Shanghai : Over 280 doctors of 73 hospitals and 400 volunteers from local medical schools have been working hard at the Special Olympics Town, offering free check-ups to the athletes at the Special Olympics World Summer Games since it opened Tuesday.
They are working for the Healthy Athletes, an important programme within Special Olympics International, conducted in the Town located in northern Shanghai’s Jiangwan Stadium.
The programme was developed in 1996 and designed to help Special Olympics athletes improve their health and fitness, leading to enhanced sports experience and improved well-being.
“Over 40 percent among the Special Olympics athletes have teeth problems, with some of them in an urgent situation,” said Steven Perlman, founder of the Special Smiles, an integral part of Healthy Athletes. “Due to their poor physical conditions, they are prone to a variety of diseases.”
“But it is hard for them to get access to the treatments, as doctors don’t want to take care of them. A large number of the athletes even don’t know how to brush their teeth.”
At the Special Smiles area, athletes can check in, have their teeth screened, obtain a “mouth guard”, receive education on oral hygiene, and leave with souvenirs such as toothpaste and toothbrush.
The athletes will be encouraged to receive these health assessments which span across six areas in the Town, namely Fit Feet, Fun Fitness, Healthy Hearing, Health Promotion, Opening Eyes and Special Smiles.
“The programme is well-designed and fit for the athletes with intellectual disabilities,” said He Naiyao, chief medical officer of Beijing-based China Rehabilitation Research Centre. “Each athlete can receive a health report including suggestions.”
“It tells you how to improve the health through sports and nutrition,” added the doctor, who was sent to Shanghai for the programme with a contingent of medical professionals.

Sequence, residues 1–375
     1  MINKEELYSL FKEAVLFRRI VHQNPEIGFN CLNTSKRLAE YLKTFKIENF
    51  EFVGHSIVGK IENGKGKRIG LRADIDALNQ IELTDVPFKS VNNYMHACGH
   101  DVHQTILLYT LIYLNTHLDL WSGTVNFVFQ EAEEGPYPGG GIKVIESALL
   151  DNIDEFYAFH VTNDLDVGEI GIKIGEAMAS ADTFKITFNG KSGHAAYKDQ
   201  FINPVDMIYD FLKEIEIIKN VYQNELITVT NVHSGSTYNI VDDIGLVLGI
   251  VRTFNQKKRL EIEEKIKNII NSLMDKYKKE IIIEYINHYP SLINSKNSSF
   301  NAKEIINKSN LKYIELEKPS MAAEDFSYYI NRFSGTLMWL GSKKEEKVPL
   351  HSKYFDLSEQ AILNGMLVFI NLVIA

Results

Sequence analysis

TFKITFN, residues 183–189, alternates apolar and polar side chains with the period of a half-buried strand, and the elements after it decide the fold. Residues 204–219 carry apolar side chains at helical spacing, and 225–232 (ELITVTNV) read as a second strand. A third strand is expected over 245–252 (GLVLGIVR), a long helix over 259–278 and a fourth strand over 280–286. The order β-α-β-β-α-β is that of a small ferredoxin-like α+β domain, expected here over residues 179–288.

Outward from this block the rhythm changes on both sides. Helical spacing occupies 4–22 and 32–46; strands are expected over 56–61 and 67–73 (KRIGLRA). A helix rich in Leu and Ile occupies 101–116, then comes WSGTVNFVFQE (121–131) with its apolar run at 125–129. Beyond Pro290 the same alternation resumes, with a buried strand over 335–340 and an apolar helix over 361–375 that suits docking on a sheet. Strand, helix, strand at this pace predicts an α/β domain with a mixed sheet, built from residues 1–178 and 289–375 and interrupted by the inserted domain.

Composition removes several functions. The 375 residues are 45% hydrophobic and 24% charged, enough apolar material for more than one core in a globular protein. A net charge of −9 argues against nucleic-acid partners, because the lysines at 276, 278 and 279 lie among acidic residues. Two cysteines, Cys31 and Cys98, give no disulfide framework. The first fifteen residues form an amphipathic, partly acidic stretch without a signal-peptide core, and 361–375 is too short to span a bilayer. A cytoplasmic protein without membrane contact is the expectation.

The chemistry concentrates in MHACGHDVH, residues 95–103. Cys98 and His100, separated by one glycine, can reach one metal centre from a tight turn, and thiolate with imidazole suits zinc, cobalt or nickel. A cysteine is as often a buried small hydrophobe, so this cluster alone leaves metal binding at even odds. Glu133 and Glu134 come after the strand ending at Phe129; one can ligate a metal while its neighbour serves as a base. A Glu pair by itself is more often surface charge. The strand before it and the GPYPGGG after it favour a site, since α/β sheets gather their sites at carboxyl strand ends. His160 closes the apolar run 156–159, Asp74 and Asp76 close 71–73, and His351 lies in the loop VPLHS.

Besides the specialists, the volunteers are also available everywhere and help ensure those athletes with intellectual disabilities receive these screenings in a welcoming, fun environment.
As a Special Olympics volunteer, Belgian dentist and medical professor with the Ghent University, Luc Marks rated the programme as “imperative”, not only in providing the check-ups for those athletes who have less access to health care, but also in capturing helpful data for further studies or government policy-making.
“We have a Healthy Athletes Software system, a web-based application, and all the data we collect will enter this system.
“The data gathered here are important for planning, programmes, gaining support, improving policies and research.”
At the Shanghai Special Olympics, Healthy Athletes is being conducted over the whole course of the Oct 2-11 Games.
According to the data released by the Special Olympics International, the programme has been developing fast in the world and 600 screening events took place last year, with nearly 135,000 athletes being screened at least once.